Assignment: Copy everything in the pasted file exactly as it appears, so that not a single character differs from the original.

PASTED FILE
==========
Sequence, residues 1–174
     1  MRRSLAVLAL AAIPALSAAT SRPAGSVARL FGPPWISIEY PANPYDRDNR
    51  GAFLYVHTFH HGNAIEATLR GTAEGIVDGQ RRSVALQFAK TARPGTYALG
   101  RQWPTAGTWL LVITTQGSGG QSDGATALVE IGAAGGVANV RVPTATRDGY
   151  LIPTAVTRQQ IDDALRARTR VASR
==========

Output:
Sequence, residues 1–174
     1  MRRSLAVLAL AAIPALSAAT SRPAGSVARL FGPPWISIEY PANPYDRDNR
    51  GAFLYVHTFH HGNAIEATLR GTAEGIVDGQ RRSVALQFAK TARPGTYALG
   101  RQWPTAGTWL LVITTQGSGG QSDGATALVE IGAAGGVANV RVPTATRDGY
   151  LIPTAVTRQQ IDDALRARTR VASR